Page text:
Fishing spots nyt crossword

It Has Spots (Published 2019)

daily crossword column

Joe Deeney puts us on the spot in his second New York Times Crossword.

TUESDAY PUZZLE — When we last saw Joe Deeney, he was messing with our calendar, but today he’s back to convince us that we have spots before our eyes.

Fortunately, that’s a hint, not a spoiler and, at least in this puzzle, not a serious condition that requires medical attention.

Tricky Clues

40A: Foreign language in a clue, foreign language in the answer. Also, abbreviation in the clue, abbreviation in the answer. So “Lengua de Mex.” would be ESP (the abbreviation) for Español (the Spanish word for the Spanish language).

42A: SAT flashback! In an analogy, a colon, or “:” replaces the phrase “IS TO.” An example of this would be “bees : hive :: bears : den.”

2D: Hi, kids! Back before we sent messages by tapping on the glass of a smartphone, older telephones (the thing you use to share memes with your friends also works to make voice calls to other people) had rotary dials.

These dials required you to stick the tip of your index finger into a hole in the dial matching the number you wanted and use that finger to rotate the entire dial around to a stopping point. Then you would simply sit and watch as the dial took about five minutes to rotate back to its original position (we had a lot more time in those days because Netflix hadn’t been invented yet). If the person you were calling had a lot of nines in their number, you could occasionally dislocate your distal phalanx.

So the next time your parents make a dad joke about injuring your thumbs because you’re “texting all the time, ” ask them how their rotary dialing fingers are doing.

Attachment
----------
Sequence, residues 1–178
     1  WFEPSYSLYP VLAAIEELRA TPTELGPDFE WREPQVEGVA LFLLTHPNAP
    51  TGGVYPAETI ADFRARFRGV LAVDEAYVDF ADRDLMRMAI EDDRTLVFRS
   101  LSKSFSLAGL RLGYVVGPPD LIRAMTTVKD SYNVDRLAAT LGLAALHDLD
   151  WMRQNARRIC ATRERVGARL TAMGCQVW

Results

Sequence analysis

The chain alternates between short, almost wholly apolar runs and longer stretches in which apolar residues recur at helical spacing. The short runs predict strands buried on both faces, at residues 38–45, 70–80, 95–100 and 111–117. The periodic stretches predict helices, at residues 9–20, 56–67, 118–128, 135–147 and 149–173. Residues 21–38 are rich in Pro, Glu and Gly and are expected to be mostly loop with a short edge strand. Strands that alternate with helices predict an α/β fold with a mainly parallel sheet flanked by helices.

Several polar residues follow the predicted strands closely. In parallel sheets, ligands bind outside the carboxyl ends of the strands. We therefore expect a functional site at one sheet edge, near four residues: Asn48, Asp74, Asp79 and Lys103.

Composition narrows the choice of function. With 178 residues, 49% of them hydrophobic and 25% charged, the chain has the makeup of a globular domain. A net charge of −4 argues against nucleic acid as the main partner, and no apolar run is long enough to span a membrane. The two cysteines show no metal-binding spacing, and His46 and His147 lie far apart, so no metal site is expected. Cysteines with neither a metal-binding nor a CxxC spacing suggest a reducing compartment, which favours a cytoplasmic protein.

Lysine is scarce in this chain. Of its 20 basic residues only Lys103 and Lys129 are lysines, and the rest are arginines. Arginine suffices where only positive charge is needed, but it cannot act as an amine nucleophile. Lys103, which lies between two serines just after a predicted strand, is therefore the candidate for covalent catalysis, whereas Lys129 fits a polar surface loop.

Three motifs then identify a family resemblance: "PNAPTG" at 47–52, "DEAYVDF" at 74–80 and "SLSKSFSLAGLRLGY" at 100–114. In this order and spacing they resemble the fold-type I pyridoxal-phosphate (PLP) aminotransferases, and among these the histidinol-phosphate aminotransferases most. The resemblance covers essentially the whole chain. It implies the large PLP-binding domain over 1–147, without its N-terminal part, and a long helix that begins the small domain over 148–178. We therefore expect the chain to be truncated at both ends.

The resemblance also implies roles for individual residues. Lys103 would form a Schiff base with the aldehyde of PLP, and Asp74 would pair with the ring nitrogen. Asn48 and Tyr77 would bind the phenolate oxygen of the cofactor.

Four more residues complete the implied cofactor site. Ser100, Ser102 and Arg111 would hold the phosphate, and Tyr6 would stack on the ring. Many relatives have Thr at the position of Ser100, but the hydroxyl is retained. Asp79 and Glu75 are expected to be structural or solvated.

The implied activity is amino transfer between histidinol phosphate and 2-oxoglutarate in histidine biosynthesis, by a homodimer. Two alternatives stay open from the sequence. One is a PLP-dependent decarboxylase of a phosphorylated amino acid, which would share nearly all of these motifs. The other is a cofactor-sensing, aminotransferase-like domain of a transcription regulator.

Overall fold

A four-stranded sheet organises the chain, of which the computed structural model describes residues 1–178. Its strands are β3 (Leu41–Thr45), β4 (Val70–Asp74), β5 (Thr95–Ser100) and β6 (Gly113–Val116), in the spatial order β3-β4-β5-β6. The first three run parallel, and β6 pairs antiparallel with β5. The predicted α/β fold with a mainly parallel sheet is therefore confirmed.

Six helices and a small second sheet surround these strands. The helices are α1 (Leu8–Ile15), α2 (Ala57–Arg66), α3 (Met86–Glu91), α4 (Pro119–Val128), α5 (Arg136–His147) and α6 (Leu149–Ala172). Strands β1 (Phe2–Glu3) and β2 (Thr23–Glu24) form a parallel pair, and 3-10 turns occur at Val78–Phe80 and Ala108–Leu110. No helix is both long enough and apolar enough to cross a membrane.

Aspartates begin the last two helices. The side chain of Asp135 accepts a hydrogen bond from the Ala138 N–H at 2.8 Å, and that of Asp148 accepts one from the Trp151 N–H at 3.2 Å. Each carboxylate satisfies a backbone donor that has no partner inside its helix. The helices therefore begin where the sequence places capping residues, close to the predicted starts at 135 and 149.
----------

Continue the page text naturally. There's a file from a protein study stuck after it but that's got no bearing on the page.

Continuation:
11D: I had KORAN before QURAN, until I realized that 15A was ABUT and, with the U, the first letter had to be a Q.

25D: Nice wordplay. “Small complication?” isn’t a minor issue, it’s a problem, but since we’re supposed to focus on the word “small, ” we’re going to reduce it to a PROB.

47D: “High point in the Old Testament?” isn’t calling for a curtain dropper, it’s referring to something of great height. The best known mountain in the Old Testament (I believe) is Mt. ARARAT.

Today’s Theme

All the theme entries are items that have spots in one way or another and, in fact, they all have the same clue: “It has spots.” The most obvious one — at least to me — was 22A’s LEOPARD PRINT, but Mr. Deeney gets more creative from there.

Note, for example, the clue at 48A: “It has Spots, ” with a capital S. Where have you seen a capitalized Spot? It’s a dog’s name, and the answer is DOGGY DAY CARE.

Need a little help with the rest of the theme entries? Click on any clue below.

16A: It has spots

PARKING LOT (Parking spots)

35A: It has spots

COMMERCIAL BREAK (Commercial ads are known as "spots")

57A: It has spots

TEA SERVICE (As in, "Would you like a spot of tea?")

Just in case you are impressed with my ability to unravel themes and conquer The New York Times Crossword, let it be known that I misparsed 57A’s TEA SERVICE, tried Googling my wrong answer, and then smugly asked assistant editor Sam Ezersky what the heck a TEASER VICE was (in my defense, it had been a long day). Mr. Ezersky quickly — and kindly — corrected me, at which point I crawled back under my desk where I belong and continued to write this column.

Constructor Notes

Thanks for solving! It's very exciting to have a puzzle run in The New York Times again.

In the original submission, the wording of each theme clue was "Spot's spot" and BENCH PRESS appeared in place of TEA SERVICE. In Will and team's reply, they suggested "It has spots" would be a better clue and asked for a replacement for BENCH PRESS since that wouldn't quite fit.

I brainstormed a few ideas and they liked TEA SERVICE the best. After some back-and-forth on the grid, this was accepted in September. Their only request I couldn’t make work was removing DOLMA from the grid; all the alternatives I came up with had bigger problems. Hopefully not too many solvers will be concerned to see that pop up on a Tuesday. They're so tasty, after all.

The Tipping Point

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